Internal Sequential Innovations and Market Value
39 Pages Posted: 20 Jan 2008
Date Written: January 18, 2008
Research shows that innovations contribute to a firm's performance such as market value. However, research is less specific concerning how innovations contribute to market value. Simplistic assumptions are often made such as additivity, which assumes that the bundle of innovations can be additively separated into individual innovations. We identify some important interrelationships among innovations by drawing upon evolutionary economics and focusing on how the underlying technological trajectories drive the evolution of innovations. We suggest that some innovations are internal sequential innovations, which share the genealogical linkage from the same underlying technological trajectory. We further suggest that internal sequential innovations contribute significantly to a firm's market value from three dimensions - the depth, coverage, and learning dimensions. Specifically, we show that for public corporations in four innovation-intensive industries from 1980 to 1994, the depth and coverage contribute positively to the market value. In addition, the learning dimension, or how long the sequential relationships among innovations have existed, has an inverted-U relationship with the market value.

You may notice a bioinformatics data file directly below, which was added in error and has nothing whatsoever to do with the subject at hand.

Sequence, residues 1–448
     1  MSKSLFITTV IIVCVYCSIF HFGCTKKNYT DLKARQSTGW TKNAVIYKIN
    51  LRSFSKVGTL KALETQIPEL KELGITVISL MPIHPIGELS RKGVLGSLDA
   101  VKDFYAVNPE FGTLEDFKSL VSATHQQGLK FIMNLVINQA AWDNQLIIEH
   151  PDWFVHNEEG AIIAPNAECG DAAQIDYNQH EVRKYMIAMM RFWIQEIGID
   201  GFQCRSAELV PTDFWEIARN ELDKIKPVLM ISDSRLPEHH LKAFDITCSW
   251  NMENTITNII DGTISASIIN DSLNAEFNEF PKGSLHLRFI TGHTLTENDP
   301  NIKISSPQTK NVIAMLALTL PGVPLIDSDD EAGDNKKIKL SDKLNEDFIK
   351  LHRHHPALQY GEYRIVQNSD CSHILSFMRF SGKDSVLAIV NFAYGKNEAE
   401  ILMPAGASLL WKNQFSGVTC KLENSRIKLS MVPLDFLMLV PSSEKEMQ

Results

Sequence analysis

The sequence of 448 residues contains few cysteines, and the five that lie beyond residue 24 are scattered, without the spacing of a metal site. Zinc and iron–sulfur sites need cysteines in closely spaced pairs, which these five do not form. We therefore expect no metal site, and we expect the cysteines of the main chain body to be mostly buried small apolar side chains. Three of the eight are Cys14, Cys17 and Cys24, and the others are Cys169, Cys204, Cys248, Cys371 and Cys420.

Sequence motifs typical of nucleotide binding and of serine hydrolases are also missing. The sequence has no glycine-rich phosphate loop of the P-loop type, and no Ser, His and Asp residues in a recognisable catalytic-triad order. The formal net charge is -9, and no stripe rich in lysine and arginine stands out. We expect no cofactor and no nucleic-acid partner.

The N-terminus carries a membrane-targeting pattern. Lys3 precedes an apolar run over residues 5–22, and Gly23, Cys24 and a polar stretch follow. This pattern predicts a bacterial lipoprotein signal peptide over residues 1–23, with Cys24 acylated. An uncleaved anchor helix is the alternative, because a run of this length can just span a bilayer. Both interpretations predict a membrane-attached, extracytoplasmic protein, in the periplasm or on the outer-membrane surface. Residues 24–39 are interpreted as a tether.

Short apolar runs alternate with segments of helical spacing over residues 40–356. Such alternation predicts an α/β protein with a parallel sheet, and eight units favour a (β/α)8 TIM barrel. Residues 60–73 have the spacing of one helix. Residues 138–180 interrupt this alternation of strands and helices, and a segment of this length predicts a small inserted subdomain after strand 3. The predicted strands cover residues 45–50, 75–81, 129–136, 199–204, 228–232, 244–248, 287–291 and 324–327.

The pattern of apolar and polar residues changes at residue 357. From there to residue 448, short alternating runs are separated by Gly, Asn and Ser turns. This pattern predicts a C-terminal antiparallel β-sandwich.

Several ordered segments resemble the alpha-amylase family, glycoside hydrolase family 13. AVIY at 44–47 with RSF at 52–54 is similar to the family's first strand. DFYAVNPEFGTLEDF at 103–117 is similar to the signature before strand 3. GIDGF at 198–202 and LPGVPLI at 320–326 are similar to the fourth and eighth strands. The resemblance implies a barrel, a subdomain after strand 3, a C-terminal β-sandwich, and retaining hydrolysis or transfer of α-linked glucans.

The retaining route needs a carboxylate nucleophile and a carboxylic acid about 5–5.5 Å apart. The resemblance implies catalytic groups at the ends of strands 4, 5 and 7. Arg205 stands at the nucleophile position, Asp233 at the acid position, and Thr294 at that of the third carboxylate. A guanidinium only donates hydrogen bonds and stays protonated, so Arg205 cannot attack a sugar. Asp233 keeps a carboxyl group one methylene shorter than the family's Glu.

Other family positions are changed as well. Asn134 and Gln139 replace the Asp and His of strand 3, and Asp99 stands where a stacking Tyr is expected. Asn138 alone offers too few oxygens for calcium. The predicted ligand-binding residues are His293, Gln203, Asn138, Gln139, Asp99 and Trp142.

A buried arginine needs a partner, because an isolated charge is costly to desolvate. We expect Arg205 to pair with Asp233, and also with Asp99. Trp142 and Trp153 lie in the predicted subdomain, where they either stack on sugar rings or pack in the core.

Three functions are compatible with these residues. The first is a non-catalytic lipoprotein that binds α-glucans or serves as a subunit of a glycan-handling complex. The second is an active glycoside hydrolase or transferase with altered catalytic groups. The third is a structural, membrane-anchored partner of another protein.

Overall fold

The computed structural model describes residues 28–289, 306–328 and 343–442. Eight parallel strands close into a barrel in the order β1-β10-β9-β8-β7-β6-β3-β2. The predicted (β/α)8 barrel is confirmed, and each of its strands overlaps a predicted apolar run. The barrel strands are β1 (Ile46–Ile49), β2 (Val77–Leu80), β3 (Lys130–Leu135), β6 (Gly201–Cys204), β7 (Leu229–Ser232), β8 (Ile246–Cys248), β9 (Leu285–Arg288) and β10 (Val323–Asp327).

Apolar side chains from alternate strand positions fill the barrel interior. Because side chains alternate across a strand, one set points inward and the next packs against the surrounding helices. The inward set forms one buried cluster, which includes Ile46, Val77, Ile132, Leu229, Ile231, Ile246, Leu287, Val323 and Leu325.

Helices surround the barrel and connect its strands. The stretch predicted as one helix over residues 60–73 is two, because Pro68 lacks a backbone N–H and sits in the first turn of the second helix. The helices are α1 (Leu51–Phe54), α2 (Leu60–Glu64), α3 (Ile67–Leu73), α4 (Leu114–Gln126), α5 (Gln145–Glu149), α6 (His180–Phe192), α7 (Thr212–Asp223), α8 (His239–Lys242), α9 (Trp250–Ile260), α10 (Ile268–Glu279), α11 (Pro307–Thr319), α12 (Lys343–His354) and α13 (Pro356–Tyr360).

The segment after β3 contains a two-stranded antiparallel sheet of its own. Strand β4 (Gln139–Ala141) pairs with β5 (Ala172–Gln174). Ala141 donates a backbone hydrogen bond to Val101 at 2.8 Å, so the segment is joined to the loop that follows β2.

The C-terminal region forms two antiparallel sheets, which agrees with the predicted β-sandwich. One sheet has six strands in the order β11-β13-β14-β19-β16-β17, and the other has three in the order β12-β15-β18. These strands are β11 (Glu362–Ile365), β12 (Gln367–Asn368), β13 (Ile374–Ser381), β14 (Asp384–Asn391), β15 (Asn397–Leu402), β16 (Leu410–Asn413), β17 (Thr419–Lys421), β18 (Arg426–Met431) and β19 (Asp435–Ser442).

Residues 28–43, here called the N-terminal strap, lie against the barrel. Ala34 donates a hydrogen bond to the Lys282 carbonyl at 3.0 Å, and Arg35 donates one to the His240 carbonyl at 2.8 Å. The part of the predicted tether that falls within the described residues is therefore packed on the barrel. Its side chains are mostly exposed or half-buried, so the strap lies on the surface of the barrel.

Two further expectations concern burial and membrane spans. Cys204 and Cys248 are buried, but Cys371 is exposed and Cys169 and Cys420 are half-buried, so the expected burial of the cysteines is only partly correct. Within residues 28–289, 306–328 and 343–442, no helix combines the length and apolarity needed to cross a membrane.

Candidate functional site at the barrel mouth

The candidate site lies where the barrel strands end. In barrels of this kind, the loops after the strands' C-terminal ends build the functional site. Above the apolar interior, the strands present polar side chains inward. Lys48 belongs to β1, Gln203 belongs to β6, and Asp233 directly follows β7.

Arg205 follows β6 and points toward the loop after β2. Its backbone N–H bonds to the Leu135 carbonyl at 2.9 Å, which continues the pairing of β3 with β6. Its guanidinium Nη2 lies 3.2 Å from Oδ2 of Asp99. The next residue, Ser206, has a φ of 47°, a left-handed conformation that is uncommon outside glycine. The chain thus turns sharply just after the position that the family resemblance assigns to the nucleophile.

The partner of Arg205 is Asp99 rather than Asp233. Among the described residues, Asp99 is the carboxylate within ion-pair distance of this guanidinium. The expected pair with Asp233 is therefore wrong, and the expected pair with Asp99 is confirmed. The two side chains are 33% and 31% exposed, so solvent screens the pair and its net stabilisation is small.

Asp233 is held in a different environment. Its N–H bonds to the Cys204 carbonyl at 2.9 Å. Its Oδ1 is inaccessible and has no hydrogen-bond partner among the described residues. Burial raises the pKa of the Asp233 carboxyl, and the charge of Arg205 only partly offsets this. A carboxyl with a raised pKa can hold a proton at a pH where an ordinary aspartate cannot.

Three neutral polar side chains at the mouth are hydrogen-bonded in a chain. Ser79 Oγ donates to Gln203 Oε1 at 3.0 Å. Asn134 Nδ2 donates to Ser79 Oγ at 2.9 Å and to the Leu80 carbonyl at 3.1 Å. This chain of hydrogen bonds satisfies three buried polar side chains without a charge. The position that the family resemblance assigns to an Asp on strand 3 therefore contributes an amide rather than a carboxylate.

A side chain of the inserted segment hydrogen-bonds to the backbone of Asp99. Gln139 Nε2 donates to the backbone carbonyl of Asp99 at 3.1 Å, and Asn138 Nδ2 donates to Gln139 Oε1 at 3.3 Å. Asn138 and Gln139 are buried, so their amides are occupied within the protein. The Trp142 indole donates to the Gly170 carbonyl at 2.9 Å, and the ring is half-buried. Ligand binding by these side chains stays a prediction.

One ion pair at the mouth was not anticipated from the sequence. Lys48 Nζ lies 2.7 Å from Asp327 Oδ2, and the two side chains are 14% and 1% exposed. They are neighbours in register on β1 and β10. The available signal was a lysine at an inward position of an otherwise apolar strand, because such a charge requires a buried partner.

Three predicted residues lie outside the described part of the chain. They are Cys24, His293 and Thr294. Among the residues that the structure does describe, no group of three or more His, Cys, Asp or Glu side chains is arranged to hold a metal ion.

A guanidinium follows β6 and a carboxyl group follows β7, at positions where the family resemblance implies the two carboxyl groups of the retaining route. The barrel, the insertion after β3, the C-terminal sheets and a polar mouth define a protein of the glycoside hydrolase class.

Keywords: evolutionary economics, innovation, interrelatedness
JEL Classification: O32, O34
Suggested Citation: Suggested Citation